But Youderian, who said in an interview that he hasn’t been paid yet for the timber, estimated it’s worth far less than that -— and in any case, he added, the clear-cut was not about money.
“This was about managing trees that should have been thinned 20 years ago and had laminated root rot and Indian paint fungus,” he said. “Some of the trees were 30 inches in diameter, but they had 18-inch holes in them. If you don’t thin your forest, which I didn’t, it comes back to bite you.
“Because I didn’t manage it, it cost me the forest.”
Selective logging — cutting down only some of the trees — wasn’t an option, Youderian said. “If I hadn’t clear-cut, the entire stand would have been completely worthless,” because the root rot and fungus would have spread, he said.
He said he plans to replant with western red cedar or alder, depending on the advice of an expert he has hired.
He wants to eventually replant with Douglas fir, but it’s not resistant enough to rot, so that will have to wait until the rot “burns itself out” one or two crops from now, he said.
Another reason to cut down a forest is the break that a landowner enrolled in the state’s designated forest program gets on property taxes assessed against the wooded land, according to Island County Assessor Mary Engle. That break disappears if the landowner doesn’t periodically cut trees.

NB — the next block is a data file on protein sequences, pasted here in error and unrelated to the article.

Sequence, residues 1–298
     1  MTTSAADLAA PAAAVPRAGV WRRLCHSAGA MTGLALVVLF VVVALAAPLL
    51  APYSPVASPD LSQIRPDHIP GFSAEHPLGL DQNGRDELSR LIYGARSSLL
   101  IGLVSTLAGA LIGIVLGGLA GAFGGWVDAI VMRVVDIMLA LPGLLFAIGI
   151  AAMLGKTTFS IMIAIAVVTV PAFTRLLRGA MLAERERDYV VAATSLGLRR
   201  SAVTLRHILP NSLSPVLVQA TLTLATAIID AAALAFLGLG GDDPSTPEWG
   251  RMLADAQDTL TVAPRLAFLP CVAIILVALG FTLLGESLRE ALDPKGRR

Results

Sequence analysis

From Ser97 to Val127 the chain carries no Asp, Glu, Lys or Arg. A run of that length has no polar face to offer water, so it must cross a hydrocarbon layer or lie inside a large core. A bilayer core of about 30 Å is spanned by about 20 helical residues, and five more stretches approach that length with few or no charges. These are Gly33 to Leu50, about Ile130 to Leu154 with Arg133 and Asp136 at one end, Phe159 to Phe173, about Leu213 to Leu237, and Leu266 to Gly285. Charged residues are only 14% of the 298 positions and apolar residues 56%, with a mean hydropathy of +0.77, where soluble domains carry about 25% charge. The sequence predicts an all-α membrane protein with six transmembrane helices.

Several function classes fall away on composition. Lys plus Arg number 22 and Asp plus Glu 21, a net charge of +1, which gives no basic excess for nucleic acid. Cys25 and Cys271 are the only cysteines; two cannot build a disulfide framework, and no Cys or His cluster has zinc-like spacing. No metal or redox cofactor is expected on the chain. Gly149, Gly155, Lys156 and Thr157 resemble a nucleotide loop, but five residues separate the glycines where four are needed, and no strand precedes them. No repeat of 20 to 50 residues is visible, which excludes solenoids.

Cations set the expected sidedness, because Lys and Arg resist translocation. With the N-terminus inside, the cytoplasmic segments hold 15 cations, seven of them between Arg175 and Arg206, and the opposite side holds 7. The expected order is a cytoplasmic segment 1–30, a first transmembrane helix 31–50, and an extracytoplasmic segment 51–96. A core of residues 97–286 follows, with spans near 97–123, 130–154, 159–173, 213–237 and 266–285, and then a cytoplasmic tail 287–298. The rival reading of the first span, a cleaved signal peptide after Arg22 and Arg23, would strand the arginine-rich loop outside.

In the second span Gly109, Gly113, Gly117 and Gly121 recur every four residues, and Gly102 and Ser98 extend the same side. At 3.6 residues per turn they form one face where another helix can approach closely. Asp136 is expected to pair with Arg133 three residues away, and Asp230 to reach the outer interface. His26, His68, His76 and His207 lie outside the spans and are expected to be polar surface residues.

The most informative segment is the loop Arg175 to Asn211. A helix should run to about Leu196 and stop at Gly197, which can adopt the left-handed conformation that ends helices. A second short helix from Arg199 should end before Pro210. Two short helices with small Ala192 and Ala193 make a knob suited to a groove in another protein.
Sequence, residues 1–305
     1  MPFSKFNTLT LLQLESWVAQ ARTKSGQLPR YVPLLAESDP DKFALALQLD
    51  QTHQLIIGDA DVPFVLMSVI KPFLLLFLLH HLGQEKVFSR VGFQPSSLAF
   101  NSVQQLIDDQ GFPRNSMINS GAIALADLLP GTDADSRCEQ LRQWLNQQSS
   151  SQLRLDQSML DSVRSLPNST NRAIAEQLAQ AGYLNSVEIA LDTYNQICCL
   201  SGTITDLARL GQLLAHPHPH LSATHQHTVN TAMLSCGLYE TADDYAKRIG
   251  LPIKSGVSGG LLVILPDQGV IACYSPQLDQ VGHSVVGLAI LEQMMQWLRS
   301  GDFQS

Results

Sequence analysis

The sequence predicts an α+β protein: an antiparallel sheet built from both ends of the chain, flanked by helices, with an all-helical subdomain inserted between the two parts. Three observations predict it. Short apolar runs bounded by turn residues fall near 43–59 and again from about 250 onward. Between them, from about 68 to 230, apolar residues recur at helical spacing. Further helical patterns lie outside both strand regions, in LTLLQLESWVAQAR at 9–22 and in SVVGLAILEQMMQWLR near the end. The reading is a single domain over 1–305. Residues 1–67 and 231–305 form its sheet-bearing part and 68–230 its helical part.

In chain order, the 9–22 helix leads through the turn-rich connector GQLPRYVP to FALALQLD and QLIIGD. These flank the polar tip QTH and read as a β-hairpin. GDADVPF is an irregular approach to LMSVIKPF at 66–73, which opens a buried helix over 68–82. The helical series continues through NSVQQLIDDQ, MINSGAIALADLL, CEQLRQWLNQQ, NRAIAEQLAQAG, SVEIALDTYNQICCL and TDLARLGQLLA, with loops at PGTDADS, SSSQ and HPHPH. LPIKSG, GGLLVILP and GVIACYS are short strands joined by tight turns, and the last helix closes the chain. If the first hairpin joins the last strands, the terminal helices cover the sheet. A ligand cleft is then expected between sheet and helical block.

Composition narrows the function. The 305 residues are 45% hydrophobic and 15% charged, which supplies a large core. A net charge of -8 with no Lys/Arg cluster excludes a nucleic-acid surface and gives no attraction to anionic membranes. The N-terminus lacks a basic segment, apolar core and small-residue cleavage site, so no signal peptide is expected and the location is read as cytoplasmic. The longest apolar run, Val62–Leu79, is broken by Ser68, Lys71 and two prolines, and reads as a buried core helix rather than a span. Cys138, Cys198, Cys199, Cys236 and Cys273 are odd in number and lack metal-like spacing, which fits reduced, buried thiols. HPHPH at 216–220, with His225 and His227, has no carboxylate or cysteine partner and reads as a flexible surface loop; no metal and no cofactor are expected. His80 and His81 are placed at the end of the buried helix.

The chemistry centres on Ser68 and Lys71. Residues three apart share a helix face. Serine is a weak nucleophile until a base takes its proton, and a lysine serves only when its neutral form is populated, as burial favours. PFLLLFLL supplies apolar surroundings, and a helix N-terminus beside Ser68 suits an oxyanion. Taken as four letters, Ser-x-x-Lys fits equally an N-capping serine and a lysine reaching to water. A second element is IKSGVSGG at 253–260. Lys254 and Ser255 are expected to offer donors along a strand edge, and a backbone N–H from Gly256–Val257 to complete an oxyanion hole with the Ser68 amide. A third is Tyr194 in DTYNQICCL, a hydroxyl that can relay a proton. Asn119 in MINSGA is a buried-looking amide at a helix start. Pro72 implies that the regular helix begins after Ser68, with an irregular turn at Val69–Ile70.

The state-run designated forest program “is not about conservation,” Engle noted. “It’s not about saving the forest but about commercially harvesting and giving back to the community, so we have timber to build timbers and barns.”
In Washington, any owner of five or more contiguous wooded acres with no house on it may join the program after filing a timber-management plan.
Of Island County’s 57,000 parcels, about 1,500 are in the designated forest program.
For as long as the land remains in the program, it is taxed at a reduced rate. The reduction can be “huge,” Engle said. She sees 90 percent reductions “quite often.”
Oddly, the amount of the reduction depends not on the quantity or quality of timber taken off the property but on the quality of the soil that it’s growing in. Every year DNR sends the county updated lists of soil value so the county can update the value of the lands in the program, Engle said.